The RNC's Response to Trump's Immigration Speech is the Definition of a Dysfunctional Relationship

Presidential candidate Donald Trump gestures to the crowd gathered in front of the Trump Tower ahead of the passing of pope's motorcade Thursday, Sept. 24, 2015, in New York. (AP Photo/Kevin Hagen)

This is the very definition of a dysfunctional relationship.

They can’t get along, but they can’t quit each other, either. They have nothing in common, but are drawn to each other, and will make excuses to the outside world for why they stay together. Even as the world watches in horror, one partner is always willing to defend the other, while suffering and dying a little more in private, each day.


Or it’s the very definition of the relationship between Donald Trump and the RNC.

The Republican National Committee scrapped plans to praise Donald Trump’s immigration speech Thursday after the nominee slammed illegals and even suggested deporting Democrat Hillary Clinton, according to news reports.

But both RNC Chairman Reince Priebus and the Trump denied to The New York Times that the relationship between the parties was strained.


RNC Chairman Reince Priebus and Trump spokesman, Jason Miller, are putting on the public face that everything is A-Ok, and call any reports that may say otherwise “overblown gossip.”

However, six senior Republicans cited the Arizona move as an example of how the relationship between the committee and its nominee has “grown strained over the last month,” according to the report.

These Republicans have “detailed knowledge of both groups, some of whom asked to speak anonymously for fear of exacerbating tensions,” the Times reports.

Since both sides rely on a joint fundraising agreement, a full-scale break is not likely — but any rift could “threaten … the party’s ability to work smoothly with Mr. Trump during the most critical post-Labor Day phase of the race,” according to the article.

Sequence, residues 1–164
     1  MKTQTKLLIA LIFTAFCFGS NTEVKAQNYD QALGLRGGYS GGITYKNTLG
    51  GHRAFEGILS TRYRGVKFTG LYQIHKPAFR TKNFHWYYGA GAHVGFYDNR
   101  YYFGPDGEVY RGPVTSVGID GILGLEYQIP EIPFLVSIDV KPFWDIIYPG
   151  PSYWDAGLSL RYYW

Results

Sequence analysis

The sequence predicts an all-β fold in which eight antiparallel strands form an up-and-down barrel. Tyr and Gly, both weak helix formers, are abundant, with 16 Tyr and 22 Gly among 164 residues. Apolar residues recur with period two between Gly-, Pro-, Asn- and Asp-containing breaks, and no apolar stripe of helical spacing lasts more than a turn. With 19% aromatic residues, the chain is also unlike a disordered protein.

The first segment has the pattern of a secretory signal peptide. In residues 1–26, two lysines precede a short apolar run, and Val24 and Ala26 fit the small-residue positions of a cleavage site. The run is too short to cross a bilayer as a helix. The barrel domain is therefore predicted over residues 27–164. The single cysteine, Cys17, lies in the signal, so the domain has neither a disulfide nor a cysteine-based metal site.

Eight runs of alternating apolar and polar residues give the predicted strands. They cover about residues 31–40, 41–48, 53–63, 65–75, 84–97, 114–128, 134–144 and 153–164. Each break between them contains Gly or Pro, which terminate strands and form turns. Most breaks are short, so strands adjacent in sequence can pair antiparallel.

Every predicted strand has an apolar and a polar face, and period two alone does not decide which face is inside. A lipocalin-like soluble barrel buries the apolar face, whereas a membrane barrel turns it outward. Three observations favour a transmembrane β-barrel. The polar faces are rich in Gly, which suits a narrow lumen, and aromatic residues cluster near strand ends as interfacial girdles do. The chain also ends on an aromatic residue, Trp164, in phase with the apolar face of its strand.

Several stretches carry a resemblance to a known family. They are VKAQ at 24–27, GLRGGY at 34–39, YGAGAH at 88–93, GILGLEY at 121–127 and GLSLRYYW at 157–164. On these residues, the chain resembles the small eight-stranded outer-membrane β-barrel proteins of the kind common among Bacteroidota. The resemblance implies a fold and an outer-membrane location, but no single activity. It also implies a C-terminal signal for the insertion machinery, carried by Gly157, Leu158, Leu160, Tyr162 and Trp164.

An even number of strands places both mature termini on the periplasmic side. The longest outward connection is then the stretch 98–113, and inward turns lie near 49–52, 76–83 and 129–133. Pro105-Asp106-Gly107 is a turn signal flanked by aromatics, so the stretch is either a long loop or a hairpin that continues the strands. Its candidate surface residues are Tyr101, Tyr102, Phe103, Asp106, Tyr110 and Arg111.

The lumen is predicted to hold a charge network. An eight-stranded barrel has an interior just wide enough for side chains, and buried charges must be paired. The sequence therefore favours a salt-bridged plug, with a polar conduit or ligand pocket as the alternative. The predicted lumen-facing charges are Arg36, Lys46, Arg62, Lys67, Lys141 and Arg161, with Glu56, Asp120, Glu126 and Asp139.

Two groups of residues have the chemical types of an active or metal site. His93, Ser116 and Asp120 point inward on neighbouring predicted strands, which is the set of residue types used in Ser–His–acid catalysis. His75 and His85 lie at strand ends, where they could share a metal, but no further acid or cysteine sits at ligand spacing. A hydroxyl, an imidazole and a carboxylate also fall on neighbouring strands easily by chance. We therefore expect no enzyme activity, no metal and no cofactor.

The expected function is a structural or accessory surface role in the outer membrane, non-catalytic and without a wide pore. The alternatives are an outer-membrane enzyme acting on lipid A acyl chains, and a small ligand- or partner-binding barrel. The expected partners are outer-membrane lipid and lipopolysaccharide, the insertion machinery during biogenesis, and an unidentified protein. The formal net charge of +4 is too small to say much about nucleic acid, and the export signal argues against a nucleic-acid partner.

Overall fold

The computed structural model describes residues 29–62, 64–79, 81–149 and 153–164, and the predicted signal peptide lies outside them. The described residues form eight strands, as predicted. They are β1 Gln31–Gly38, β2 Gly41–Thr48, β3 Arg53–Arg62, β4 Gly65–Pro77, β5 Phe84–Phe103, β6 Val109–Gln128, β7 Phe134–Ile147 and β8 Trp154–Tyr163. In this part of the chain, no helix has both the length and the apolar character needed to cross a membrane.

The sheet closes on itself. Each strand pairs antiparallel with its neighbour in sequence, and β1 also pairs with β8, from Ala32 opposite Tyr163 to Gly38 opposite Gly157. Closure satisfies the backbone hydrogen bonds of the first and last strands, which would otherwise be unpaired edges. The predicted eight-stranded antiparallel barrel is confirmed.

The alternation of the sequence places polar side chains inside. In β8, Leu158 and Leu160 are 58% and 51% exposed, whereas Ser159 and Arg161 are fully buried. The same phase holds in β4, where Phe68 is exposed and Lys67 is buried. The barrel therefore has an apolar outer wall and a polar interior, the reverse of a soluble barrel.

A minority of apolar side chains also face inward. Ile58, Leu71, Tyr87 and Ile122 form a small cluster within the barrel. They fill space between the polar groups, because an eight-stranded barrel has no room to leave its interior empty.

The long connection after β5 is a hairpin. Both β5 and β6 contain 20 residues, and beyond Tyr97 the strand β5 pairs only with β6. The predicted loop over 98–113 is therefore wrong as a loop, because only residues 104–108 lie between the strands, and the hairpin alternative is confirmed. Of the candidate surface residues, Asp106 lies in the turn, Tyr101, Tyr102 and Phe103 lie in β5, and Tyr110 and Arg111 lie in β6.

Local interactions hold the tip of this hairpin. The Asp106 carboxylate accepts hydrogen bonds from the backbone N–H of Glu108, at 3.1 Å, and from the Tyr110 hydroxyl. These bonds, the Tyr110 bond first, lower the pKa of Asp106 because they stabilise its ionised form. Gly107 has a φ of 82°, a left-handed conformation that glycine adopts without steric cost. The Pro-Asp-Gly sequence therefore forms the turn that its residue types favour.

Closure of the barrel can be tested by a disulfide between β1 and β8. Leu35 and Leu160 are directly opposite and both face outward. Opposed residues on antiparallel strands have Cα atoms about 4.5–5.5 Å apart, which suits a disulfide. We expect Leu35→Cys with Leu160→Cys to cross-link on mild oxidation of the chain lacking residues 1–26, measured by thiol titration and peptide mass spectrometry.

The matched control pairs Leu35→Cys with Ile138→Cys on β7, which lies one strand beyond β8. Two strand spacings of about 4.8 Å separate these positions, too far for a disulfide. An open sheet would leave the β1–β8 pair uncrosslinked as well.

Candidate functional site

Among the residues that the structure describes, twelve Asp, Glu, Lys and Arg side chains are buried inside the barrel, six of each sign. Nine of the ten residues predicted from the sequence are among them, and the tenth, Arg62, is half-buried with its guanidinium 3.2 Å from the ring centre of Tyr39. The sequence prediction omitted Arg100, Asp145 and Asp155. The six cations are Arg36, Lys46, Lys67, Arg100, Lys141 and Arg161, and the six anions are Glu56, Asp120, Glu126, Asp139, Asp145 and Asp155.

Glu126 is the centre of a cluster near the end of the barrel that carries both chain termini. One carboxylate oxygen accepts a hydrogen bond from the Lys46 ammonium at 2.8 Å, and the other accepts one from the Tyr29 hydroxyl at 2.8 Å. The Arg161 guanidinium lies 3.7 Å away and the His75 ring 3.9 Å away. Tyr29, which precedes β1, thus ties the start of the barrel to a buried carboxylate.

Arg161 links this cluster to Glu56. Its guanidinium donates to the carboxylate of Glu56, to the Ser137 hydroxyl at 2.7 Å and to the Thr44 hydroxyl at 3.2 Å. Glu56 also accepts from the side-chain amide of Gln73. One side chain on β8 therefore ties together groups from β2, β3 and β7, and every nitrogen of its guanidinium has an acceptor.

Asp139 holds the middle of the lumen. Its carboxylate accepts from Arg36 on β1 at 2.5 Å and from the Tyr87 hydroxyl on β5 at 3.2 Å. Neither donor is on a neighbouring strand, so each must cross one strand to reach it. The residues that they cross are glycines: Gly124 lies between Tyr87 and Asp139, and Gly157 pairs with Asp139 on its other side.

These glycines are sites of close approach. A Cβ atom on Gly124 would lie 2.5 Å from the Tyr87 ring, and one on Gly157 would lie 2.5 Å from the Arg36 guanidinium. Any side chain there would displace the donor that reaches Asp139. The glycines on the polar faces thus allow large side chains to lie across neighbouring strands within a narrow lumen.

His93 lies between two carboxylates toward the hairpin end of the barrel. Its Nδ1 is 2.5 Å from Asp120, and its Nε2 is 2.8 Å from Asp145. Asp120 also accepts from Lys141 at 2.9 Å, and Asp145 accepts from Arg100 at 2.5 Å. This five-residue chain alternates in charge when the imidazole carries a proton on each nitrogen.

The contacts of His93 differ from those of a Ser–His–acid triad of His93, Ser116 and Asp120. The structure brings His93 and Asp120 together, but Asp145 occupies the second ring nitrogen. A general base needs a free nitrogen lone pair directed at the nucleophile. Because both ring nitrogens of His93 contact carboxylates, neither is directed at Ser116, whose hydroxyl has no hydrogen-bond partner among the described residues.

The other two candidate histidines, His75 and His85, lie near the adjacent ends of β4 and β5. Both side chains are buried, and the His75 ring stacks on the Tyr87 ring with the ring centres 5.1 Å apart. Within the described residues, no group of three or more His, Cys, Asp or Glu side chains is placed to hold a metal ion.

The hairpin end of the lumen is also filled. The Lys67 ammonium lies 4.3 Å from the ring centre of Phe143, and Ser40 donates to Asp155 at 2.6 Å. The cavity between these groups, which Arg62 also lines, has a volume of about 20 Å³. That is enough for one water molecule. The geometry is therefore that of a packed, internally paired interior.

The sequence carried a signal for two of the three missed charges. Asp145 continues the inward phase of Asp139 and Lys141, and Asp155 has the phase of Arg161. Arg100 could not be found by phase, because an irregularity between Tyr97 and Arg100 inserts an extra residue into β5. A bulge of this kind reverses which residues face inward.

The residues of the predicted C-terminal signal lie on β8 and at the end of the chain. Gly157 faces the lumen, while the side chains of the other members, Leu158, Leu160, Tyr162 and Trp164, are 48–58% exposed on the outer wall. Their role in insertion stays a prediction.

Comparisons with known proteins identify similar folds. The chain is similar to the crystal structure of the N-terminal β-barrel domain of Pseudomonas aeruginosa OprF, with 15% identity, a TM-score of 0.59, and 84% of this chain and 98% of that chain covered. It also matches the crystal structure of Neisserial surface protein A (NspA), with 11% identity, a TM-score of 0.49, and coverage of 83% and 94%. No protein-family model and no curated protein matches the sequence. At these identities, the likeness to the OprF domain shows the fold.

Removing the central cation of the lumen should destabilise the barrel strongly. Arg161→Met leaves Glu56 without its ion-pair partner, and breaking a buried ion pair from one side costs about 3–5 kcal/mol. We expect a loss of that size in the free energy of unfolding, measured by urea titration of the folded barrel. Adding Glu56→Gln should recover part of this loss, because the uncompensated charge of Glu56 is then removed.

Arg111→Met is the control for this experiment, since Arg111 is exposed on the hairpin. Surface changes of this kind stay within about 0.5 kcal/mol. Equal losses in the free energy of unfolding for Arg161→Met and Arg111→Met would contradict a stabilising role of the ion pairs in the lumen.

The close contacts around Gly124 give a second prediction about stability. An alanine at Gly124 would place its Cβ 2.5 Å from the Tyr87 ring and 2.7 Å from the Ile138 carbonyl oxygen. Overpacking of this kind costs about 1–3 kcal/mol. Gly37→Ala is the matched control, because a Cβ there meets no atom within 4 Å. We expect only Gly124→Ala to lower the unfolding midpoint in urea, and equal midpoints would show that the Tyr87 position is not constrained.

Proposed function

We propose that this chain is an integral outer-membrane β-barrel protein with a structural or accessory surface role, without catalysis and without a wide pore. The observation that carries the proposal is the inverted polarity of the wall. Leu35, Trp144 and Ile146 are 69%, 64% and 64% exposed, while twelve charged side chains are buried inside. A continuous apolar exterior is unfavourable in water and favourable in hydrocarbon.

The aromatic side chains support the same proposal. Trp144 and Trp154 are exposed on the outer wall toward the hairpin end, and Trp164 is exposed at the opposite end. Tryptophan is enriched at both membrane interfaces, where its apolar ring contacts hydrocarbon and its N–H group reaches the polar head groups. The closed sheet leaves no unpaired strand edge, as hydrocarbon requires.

One example would be the event of several Hispanic supporters of Trump choosing to walk away and withdraw their support after his hardline speech in Phoenix.

Stephen Miller, a senior policy adviser with the Trump team actually slammed Priebus in an email to Trump staffers.

“The RNC needs to take control of this situation and quickly,” Miller wrote, the Times reports.

He called the departing advisory council members “professional amnesty lobbyists,” before asking, “Can Reince do his job?”

The weasel-y Priebus can be blamed for much, but the words out of Trump’s mouth are solely the responsibility of the squirrel sprinting aimlessly on the busted wheel that is his brain.

As for the RNC, they seem to have no ability to just call a spade a spade.

They complain of divisive power struggles between top advisers and Trump family members — and noted that the nominee has now installed the third leadership team of his campaign.

Priebus, whom the Times reports has a “warm” relationship with Trump — “and speaks with him daily” — has told some of the Republicans that he has been “disappointed” at the candidate’s inability “to evolve as a candidate in the general election.”

But the chairman denied making such statements.


Right. Because Trump has evolved.

And de-evolved. And evolved.

We’re still two months out from the general election. That’s plenty of time to kiss and make up.




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